Issues I face while trying to write a novel…
It is easy to get distracted by goings on in social media, what’s just popped into your inbox and who’s just posted an interesting blog if you write on your computer… but if you are able to avoid those pitfalls and find yourself on a roll only to fizzle out days later with writer’s block; how are you ever supposed to get any work done?
I’m constantly hearing about these issues from friends, and not necessarily from other writers, and thought I’d share some of my practices to stop these creative killers.
Have a workspace that will allow you to immerse yourself in your story. I have a pin board above the computer with photos, notes, a rough outline for the larger projects (it’s literally like a scrapbook has thrown up on my wall) and a different workspace for blogging and other work (that is kept clear and clinical). I work on a computer that does not connect to the internet to erase any chance of getting sucked into the black hole of interweb temptations.
But I still need to check my email, and get some marketing activities done each day; as well as some entertainment time to connect with friends or watch a funny dog video on YouTube. For this I allot a time limit – even go so far as setting a timer – to do my thing and get back to the days duties. Usually it’s an hour first thing in the morning while I’m having breakfast. It also gives me a chance to quasi plan what I want to achieve that day.
The timer method also works when I’m starting to stumble in my writing – and you can do this in a number of ways:
Simply take a break for an hour and create something new.
Or maybe you have a few projects going at the moment – so spend an hour on each.
Sometimes, I’ll jump forward and write a key scene in the plot (there’s no rule saying you have to write in chronological order).
Spend an hour in a different location, or dictate instead of typing or writing.
All of this is just a different approach to the same thing, and maybe the fresh stimulus shakes something loose.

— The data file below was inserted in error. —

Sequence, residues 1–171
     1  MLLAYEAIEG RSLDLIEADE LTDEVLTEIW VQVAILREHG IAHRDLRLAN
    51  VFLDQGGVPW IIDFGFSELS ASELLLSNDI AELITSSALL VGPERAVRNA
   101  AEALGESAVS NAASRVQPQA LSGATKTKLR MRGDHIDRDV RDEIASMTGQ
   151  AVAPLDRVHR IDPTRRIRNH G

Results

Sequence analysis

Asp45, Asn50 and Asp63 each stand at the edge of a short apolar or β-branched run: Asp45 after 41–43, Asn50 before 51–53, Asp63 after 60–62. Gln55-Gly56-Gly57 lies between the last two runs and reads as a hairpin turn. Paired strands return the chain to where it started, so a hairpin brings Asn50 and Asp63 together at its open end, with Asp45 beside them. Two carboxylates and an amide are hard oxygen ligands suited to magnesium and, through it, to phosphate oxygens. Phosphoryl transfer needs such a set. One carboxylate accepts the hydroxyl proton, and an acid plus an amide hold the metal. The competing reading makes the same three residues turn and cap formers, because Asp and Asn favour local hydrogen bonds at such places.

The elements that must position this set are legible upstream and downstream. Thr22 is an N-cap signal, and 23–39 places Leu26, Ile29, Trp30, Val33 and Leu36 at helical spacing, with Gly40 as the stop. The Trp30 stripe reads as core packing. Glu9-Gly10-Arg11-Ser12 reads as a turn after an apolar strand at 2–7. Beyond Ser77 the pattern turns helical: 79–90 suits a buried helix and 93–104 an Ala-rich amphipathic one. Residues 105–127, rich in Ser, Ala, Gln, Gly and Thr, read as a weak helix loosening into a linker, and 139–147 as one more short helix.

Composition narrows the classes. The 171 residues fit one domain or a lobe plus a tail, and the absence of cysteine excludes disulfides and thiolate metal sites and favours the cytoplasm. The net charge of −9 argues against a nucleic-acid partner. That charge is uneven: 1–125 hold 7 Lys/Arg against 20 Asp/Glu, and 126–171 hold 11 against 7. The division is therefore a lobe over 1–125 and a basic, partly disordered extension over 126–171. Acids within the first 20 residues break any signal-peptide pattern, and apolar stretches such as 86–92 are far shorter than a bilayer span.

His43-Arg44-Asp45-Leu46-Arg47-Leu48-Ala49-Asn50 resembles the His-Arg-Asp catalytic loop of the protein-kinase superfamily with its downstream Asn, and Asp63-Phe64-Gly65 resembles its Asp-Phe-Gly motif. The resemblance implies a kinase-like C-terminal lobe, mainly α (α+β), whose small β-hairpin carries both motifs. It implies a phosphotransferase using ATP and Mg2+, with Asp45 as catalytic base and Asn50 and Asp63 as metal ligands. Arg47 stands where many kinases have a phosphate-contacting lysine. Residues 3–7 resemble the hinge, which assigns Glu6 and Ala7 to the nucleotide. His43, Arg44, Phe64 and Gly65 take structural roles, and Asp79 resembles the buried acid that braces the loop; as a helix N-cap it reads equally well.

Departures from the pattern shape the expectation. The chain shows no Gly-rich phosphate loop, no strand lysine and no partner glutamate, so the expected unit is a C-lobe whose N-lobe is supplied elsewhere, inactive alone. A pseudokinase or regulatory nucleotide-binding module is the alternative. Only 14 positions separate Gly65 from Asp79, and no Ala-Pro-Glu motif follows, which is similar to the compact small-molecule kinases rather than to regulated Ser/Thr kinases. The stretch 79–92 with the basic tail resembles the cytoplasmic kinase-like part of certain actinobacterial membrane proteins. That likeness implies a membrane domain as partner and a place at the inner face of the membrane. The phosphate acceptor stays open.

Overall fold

We don’t create in a bubble, imagination needs some sort of input, so don’t starve your brain of the food it needs to construct something fantastic. Then, even if the distractions are there – you won’t be interested.
I’ve used these methods on many creative endeavours – reading, sewing, building, graphic design… the list is endless. You just have to keep coming up with different angles to keep your project moving forward. But remember to cut yourself a break if it doesn’t happen, nothing worse than stressing yourself out: it only adds to the problem. Maybe you simply need to have a day off. Play with your dog, visit a zoo.
It’s not like I live my life to a series of alarms and scheduled days, though, when I need to knuckle down it certainly is. But these tips are just a guide that may help you along and eliminate any unnecessary time wasting.
And above all – keep a sense of humour in all that you do. It stops me from spiralling into having a conversation with the toaster and licking the walls.
As much as I have brandished the net as a big distraction, it can also stimulate. I’ve found pictures on Tumblr and Pinterest to add to my pinboard collection that have kicked off a writing frenzy. But everything in moderation.
© Casey Carlisle 2015. Unauthorized use and/or duplication of this material without express and written permission from this blog’s author and/or owner is strictly prohibited. Excerpts and links may be used, provided that full and clear credit is given to Casey Carlisle with appropriate and specific direction to the original content.